Once the tire turnup ends 11 are folded over as shown in FIG. 3, the sidewalls 70 can then either be applied or if previously applied the entire assembly can then be stitched using roller mechanisms 160 as illustrated in FIG. 4. The stitching procedure ensures that entrapped air is pushed outwardly of the carcass 10 and that the components are firmly adhered to the adjacent underlying tire carcass components.

Once the stitching has been accomplished, the building drum 5 between the beads is charged with air or other fluid medium which passes through the central segment support mechanism 150 and the radially expanded central support segments 151 to toroidally shape the tire carcass 10 as illustrated in FIG. 5. When this is accomplished, the radially outer tip 31 of the apex strip 30 is moved back to its almost vertical position and the tire has been built in such a fashion that the carcass 10, particularly at the bead core area is not overly stressed. This method of tire carcass construction is what the inventors call a high crown building. This high crown building drum 5, using the central support segments 151, ensures that the carcass 10 has at least partially vertically extending ply portions prior to the ends 11 being turned up. This more closely assimilates the finished tire shape. Additionally, the movement radially outward of the central support segments 151 is precisely equal to the axial movement of the locked bead core 12 on each side. This ensures that the precise amount of tension is applied to the tire carcass 10 each and every time it is toroidally inflated, greatly improving the reliability of the finished product.

As shown in FIG. 6, the toroidally shaped carcass 10 is then ready to either be transferred to a second stage building drum wherein the tread belt and reinforcing structure and radially outer tread can be applied to the carcass 10.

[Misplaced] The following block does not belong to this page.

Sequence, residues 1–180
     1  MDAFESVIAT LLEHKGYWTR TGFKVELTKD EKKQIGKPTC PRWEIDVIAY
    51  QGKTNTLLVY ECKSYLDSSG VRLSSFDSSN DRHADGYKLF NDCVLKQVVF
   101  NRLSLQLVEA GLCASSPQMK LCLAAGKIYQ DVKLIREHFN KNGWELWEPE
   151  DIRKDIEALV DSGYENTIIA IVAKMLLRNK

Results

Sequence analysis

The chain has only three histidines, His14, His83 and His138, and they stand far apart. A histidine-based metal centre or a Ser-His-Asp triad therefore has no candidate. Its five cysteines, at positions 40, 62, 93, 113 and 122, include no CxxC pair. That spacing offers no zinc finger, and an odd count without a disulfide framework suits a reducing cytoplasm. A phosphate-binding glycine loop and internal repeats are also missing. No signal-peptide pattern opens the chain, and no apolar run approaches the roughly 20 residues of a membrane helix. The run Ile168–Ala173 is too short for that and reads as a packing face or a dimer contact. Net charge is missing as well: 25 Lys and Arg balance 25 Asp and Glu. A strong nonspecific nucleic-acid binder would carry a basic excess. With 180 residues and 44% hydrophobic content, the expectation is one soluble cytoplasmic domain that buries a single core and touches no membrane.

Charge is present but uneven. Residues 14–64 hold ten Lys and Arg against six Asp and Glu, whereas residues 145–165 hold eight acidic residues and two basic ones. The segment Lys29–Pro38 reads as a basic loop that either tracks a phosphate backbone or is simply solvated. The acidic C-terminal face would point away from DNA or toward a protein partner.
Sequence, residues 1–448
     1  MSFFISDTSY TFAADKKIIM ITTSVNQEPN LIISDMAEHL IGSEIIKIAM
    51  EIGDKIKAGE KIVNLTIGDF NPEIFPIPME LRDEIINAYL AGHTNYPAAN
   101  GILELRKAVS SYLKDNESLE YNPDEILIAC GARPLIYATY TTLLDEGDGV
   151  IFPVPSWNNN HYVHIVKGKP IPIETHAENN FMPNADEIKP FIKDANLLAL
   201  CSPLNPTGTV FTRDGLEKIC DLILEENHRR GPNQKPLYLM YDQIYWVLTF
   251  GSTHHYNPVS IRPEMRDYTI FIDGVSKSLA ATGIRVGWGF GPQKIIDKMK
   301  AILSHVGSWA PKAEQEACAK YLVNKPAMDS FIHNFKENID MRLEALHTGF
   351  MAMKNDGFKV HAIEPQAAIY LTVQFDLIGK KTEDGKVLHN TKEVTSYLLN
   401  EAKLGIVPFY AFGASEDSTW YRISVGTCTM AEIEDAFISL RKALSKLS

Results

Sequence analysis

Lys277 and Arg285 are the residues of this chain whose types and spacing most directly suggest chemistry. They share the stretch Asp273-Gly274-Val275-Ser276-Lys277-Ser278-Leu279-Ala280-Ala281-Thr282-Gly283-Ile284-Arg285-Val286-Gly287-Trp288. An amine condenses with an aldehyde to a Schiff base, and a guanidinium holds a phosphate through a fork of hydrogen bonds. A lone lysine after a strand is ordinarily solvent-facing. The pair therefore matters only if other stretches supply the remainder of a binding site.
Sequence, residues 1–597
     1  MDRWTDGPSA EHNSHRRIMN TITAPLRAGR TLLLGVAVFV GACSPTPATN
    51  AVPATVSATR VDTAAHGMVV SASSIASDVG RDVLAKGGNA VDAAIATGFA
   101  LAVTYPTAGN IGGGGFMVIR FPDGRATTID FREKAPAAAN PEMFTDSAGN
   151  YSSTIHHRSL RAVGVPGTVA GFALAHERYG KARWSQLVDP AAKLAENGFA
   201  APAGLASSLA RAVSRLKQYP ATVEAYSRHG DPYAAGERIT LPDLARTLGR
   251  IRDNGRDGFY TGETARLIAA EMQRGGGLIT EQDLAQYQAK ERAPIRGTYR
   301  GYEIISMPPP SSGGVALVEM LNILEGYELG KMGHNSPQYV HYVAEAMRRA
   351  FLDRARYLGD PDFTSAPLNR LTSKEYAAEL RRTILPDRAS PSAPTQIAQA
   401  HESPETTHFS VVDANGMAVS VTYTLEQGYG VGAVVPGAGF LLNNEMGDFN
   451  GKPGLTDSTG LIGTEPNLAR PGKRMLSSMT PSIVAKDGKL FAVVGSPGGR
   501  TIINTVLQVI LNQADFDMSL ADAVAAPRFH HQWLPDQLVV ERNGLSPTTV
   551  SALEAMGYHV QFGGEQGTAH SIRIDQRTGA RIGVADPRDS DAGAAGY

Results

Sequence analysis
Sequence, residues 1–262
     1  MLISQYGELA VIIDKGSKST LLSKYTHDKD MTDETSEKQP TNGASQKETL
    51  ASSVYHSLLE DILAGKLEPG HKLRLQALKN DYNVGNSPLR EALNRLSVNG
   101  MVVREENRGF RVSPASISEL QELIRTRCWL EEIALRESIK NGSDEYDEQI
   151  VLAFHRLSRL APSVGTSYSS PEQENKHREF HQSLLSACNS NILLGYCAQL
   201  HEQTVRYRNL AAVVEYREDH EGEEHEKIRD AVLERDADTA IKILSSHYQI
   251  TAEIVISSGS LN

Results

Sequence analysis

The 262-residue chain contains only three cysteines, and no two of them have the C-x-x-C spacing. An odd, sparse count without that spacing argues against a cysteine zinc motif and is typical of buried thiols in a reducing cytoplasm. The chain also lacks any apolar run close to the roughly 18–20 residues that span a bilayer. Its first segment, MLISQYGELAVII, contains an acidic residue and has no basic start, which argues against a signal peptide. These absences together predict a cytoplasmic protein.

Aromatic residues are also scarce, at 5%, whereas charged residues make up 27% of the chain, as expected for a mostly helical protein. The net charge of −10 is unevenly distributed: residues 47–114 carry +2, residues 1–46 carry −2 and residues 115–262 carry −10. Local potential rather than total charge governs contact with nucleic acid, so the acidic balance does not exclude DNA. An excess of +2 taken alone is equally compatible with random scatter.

While certain representative embodiments and details have been shown for the purpose of illustrating the invention, it will be apparent to those skilled in this art that various changes and modifications may be made therein without departing from the spirit or scope of the invention.

Referenced by
Citing PatentFiling datePublication dateApplicantTitle
US7288160 *Dec 23, 2004Oct 30, 2007The Goodyear Tire & Rubber CompanyMethod of making a tire using a high crown uni-stage tire building drum
US7316255 *Jan 4, 2005Jan 8, 2008Sumitomo Rubber Industries Ltd.Pneumatic tire and method of manufacturing the same
US8603275 *Apr 23, 2007Dec 10, 2013Pirelli Tyre S.P.A.Process and apparatus for manufacturing pneumatic tyres
US20100163158 *Apr 23, 2007Jul 1, 2010Pier Giuseppe PiantanidaProcess and apparatus for manufacturing pneumatic tyres
WO2013191692A1 *Jun 21, 2012Dec 27, 2013Compagnie Generale Des Etablissements MichelinMethod for adhering an innerliner to a carcass ply of a tire
Classifications
U.S. Classification156/132, 156/415, 156/401, 156/133
International ClassificationB29D30/24, B29D30/32
Cooperative ClassificationB29D2030/3228, B29D30/245, B29D2030/3235
European ClassificationB29D30/24C2